As the Seimas (the Lithuanian Parliament) considers the issue of whether conscription should be reintroduced for 19-26-year-olds, the country's Chief of Defence, Major General Jonas Vytautas Zukas, has said that Lithuania has learned five lessons from the conflict in Ukraine.
According to Zukas, the first lesson is related to hybrid warfare. The situation in Ukraine has demonstrated that unconventional threats should be tackled instantly, using suitable military measures, even if martial law has not yet been imposed. The Seimas adopted the Statute on the Use of the Armed Force on 16 December 2014. This means that use of the military is now possible in peacetime when responding to unconventional threats that differ from armed aggression: for example in cases of provocation, attacks by armed groups, armed people crossing the state border etc.
The Chief of Defence added that national rapid reaction forces have been formed in order to respond to the aforementioned threats: two battalion-sized battle groups with air, special operations forces and logistics support elements assigned to them. They have been on duty since November 2014, and their response time is between two and 24 hours.
The second thing that the Ukrainian crisis has caused Lithuania to realise, according to Zukas, was that interaction between a country's power structures is important in cases of hybrid conflict. As a result, the military now cooperates increasingly closely with the Ministry of the Interior, the Police Department, the State Border Guard Service, the Fire and Rescue Department, the Public Security Service and the VIP Protection Department. The institutions are exchanging intelligence information and training together while the legal basis and activity procedures are being developed.
The third lesson of the conflict in Ukraine is the necessity of modernisation. Zukas says that armament and military equipment has to be constantly modernised in order to ensure that the Armed Forces remain at an adequate readiness level. He says it should be focused on enhancing its intelligence, anti-tank, air-defence and fire support capabilities. However, this is determined by funding. Zukas says that Lithuania's defence funding has returned to the level that it was in 2008, but it is still far below the two percent of GDP required by NATO. According to the Chief of Defence, decisions about armament purchases take into account current priorities. For example, Lithuania has purchased FN SCAR marksman rifles and GROM portable air-defence systems. It also plans to acquire anti-tank weapons, self propelled artillery, infantry fighting vehicles, to modernise mortars, etc.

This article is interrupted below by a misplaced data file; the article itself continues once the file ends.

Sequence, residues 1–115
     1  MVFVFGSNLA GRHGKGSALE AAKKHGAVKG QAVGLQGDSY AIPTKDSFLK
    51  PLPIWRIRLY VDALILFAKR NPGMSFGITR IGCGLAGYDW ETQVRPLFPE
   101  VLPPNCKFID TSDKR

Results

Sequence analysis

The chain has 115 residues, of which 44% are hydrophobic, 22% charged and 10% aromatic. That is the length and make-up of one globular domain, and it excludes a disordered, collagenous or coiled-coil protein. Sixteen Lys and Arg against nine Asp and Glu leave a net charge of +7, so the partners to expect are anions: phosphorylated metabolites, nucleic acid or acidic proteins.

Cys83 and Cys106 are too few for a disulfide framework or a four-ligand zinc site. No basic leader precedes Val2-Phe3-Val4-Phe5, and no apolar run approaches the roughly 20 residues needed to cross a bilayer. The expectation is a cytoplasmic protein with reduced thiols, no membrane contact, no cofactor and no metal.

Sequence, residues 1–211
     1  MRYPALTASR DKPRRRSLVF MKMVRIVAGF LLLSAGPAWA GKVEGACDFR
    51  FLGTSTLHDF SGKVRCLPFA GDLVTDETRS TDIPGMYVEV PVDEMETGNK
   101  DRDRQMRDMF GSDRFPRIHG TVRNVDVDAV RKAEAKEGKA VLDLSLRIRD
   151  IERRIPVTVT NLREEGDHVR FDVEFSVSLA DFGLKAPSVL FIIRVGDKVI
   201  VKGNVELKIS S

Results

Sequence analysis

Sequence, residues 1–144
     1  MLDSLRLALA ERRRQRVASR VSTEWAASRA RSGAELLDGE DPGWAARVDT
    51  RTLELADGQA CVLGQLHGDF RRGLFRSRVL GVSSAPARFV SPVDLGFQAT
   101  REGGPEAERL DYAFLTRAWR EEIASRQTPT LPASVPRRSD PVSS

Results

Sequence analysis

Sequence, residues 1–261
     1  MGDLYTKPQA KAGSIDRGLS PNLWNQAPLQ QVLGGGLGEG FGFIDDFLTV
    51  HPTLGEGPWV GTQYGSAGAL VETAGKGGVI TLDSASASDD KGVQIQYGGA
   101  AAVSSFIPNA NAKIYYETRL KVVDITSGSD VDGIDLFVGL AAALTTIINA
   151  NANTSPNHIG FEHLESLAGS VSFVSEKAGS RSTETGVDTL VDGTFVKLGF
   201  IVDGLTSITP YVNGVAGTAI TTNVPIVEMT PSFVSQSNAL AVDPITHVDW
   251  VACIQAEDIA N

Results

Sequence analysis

The fourth lesson is an increased understanding of how important information war is. The major general maintains that success in the information space plays an important role in an armed conflict. The armed forces and the media have to ensure that society has access to objective information. Capabilities are needed to ensure information and cyber-security, strategic communication and anti-propaganda activities. Lithuania has advanced in this area by founding the National Cyber Security Centre which will be responsible for monitoring and managing highly significant information infrastructure and cyber incidents involving information resources. It is also responsible for planning related to information infrastructure. In addition, the Strategic Communication Department of the Ministry of National Defence monitors and analyses the information space, providing assessment and proposals for how to respond. The Riflemen's Union and the Non-Kinetic Operations Company of the Volunteer Forces are actively involved in the fight in the information space, as well as representatives of the media and those sympathetic to the armed forces.
The fifth lesson learned, according to Zukas, is that the society has to be prepared to act if there is a war. In early 2015 the Ministry of National Defence introduced a publication entitled "What We Must Know to Prepare for Extreme Situations and War". Zukas says that a joint mobilisation and civic resistance system is being developed. Public-spiritedness and patriotism are currently being promoted, and information about the Lithuanian armed forces and opportunities to undergo military training is also being advertised.